Cartilage innervation is the driving force behind the development of osteoarthritis and back pain, or does degeneration of the osteoarthritis joints affect the nerves and cause pain?
This was the issue that underpinned a fascinating debate at the OARSI 2021 World Congress, with two giants from the OA research community: Anne-Marie Malfait, MD, Ph.D., professor of medicine in the rheumatology division at Rush Medical College, Chicago, i Stefan Lohmander, MD, Ph.D., Professor Emeritus of Orthopedics at Lund University (Sweden) in Sweden.
The discussion is at stake in better understanding the physiological processes that underpin both the development of AO in the joints and the experience of pain in patients with OA.
Lohmander began by pointing out that while pain is the main symptom of OA, it does not always overlap with the physiological processes of the disease, as measured by techniques such as MRI, X-ray, biomarkers, and gait analysis.
“This lack of complete overlap is often a problem when we do our clinical trials,” Lohmander said at the conference, sponsored by the International Osteoarthritis Research Society. “When we talk about osteoarthritis, we also have to remember from time to time that we talk about symptoms or disease and maybe not always about both.”
Although a healthy joint has pain receptors everywhere except cartilage, studies have found that the osteoarthritic joint carries blood vessels, sensory nerves, and cells that express nerve growth factor from the bone. subchondral even in uncalcified articular cartilage.
These nociceptor neurons are mechanosensitive, so mechanical damage to the joint triggers inflammation and the inflammatory proteins themselves act on the nociceptors to generate signals of pain in the brain, “so clearly, it is the joint that signals to the brain.” , said Lohmander.
However, Malfait noted that there is evidence from animal studies showing that the absence of sensory nerves in the joints, either due to disease or elimination, is associated with the onset or worsening of OA.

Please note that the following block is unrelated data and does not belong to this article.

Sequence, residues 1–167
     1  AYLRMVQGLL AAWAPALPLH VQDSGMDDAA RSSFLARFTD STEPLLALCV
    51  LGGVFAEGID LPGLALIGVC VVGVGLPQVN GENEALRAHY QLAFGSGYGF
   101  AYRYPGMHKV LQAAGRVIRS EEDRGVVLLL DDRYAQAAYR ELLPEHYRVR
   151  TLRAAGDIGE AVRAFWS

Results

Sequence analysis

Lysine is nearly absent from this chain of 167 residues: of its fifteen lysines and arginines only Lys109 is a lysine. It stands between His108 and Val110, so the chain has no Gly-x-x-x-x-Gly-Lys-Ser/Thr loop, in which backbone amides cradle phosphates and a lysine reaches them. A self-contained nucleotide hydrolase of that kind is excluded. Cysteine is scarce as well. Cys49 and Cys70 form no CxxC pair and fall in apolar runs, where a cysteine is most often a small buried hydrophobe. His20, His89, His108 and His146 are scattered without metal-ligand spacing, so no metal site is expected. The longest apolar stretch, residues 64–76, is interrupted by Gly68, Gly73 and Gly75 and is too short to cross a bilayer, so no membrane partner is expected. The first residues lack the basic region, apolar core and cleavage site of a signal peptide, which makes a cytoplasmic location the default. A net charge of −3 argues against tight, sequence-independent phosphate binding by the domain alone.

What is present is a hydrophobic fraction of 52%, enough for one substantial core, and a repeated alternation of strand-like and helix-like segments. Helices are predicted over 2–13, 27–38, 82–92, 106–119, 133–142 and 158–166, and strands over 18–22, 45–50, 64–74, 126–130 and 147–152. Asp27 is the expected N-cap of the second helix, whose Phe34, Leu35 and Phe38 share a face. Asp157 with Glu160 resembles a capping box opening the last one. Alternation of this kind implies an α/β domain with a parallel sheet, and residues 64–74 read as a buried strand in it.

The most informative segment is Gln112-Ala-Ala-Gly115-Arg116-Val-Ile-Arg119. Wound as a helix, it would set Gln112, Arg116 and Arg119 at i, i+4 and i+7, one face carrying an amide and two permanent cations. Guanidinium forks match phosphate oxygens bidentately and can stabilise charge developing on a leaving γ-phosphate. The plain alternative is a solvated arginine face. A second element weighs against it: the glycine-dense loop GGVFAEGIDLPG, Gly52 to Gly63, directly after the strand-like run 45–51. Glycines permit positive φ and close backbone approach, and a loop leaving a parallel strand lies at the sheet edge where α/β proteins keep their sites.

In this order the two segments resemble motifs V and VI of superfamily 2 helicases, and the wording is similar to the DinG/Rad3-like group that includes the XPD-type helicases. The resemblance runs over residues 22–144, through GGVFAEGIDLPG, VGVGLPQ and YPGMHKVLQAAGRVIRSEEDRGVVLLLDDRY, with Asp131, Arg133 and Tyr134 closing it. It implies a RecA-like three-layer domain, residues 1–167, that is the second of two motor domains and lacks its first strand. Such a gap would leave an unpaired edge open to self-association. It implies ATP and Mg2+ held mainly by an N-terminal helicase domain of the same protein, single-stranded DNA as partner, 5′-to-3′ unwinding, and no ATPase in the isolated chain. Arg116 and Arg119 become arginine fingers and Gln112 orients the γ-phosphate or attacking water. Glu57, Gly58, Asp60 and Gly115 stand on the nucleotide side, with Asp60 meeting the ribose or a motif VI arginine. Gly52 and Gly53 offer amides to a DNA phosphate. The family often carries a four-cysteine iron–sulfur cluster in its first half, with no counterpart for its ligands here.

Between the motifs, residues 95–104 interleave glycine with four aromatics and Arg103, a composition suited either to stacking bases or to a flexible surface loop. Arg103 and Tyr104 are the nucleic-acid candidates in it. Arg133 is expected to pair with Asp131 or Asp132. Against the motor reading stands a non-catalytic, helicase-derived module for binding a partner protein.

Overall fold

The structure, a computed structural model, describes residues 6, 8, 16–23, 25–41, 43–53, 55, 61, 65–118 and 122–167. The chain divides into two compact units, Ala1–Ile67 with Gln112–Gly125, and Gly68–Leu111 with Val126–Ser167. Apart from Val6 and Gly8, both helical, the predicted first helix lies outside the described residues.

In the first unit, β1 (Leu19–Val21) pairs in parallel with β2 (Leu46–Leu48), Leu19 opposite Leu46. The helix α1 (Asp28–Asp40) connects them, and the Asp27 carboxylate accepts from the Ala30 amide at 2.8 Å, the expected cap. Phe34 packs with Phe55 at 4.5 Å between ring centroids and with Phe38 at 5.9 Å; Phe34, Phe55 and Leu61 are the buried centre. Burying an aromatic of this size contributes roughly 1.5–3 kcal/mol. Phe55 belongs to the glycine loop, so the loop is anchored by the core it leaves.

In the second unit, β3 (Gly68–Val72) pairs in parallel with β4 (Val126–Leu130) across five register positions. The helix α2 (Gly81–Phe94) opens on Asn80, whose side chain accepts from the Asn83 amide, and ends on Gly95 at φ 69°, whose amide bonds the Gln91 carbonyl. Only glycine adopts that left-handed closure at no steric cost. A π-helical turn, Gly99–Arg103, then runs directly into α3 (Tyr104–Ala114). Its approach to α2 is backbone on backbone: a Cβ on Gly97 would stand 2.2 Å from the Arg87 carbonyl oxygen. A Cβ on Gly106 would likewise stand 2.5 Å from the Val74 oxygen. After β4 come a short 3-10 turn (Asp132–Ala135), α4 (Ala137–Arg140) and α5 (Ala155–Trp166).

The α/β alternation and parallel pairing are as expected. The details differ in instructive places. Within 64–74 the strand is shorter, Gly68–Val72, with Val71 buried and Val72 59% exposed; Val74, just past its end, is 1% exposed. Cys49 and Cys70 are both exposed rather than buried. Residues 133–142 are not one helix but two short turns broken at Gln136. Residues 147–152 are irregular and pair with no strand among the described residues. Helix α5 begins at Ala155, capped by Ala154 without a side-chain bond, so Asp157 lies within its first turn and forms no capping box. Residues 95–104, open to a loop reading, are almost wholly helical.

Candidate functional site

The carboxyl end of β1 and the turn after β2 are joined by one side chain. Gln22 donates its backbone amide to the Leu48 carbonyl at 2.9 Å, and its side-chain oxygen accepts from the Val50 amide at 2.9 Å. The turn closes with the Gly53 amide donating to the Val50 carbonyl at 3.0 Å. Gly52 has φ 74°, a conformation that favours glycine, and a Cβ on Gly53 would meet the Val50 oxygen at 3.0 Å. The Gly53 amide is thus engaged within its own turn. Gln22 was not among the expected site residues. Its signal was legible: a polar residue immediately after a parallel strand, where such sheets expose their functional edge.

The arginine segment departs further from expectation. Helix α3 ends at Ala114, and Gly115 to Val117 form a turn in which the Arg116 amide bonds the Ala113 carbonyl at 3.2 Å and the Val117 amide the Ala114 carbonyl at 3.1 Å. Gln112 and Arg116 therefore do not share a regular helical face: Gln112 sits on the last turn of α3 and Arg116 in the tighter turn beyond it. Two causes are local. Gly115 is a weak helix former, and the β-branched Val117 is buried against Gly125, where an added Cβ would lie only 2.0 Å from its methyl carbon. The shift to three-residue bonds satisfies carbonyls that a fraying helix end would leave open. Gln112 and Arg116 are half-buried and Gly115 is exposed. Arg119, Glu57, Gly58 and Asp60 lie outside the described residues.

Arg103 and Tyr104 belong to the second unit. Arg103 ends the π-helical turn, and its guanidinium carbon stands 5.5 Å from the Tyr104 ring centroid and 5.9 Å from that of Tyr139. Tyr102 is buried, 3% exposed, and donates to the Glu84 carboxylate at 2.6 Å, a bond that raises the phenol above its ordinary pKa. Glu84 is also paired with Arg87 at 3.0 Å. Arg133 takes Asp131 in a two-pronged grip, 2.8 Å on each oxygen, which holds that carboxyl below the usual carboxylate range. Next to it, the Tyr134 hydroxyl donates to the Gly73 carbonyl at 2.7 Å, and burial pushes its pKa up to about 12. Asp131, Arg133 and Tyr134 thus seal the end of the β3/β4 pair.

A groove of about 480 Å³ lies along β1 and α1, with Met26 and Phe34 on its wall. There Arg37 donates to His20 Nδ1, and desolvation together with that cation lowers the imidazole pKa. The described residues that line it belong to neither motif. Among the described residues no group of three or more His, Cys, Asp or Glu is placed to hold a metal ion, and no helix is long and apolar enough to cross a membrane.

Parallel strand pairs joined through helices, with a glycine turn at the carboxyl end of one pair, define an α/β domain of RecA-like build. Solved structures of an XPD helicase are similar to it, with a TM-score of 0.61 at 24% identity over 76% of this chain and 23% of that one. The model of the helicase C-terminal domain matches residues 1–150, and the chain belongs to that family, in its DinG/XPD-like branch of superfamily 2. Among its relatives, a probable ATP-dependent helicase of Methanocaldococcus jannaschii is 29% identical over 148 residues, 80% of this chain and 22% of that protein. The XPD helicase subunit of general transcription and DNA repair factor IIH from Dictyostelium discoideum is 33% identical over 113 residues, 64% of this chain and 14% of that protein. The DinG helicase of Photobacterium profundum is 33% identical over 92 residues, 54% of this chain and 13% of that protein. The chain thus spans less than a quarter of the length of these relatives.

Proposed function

“Healthy nerves are really important to ensure healthy joints,” Malfait said. He said age-related sensory nerve loss always preceded age-related OA and was also associated with loss of proprioception and age-related vibratory perception.
Interestingly, animal studies suggest that removal of intraarticular nociceptors may have a protective effect on the osteoarthritic joint, Malfait said. Studies in humans who have experienced neurological lesions also suggest an improvement in conditions such as rheumatoid arthritis.
He raised the idea of neurogenic inflammation: that peripheral neurons release vasoactive mediators that contribute to tissue inflammation. “These nerves and nerve products talk to all the different cells in the joints,” he said.
Defending his argument that joint pathology is the cause of pain, not the pain caused by joint pathology, Lohmander gave the example of studies that analyzed radiographic abnormalities between two knees in the same patient that also had measures of discordant pain for each knee. This research “showed a strong association between radiographic osteoarthritis and knee pain, supporting the argument that structural abnormalities cause knee pain,” he said.
Martin van der Esch, PhD, Amsterdam University of Applied Sciences, said the debate was one of the highlights of the conference because it addressed such an important and long-standing issue at OA.
“Osteoarthritis causes widespread pain, so it affects the nervous system, but the source, the causality, is in the joint?” he said in an interview. “Or is it the other way around, so it means that there is first a problem within the nervous system (including the vascular system as well) and that it presents to the joint?”
It is more than an academic discussion because the findings of this fact could mean different treatment approaches for different groups of patients and it raises different ways of thinking about OA, he said.
None of the sources in this story claimed to have relevant conflicts of interest.
This article originally appeared on MDedge.com, which is part of the Medscape professional network.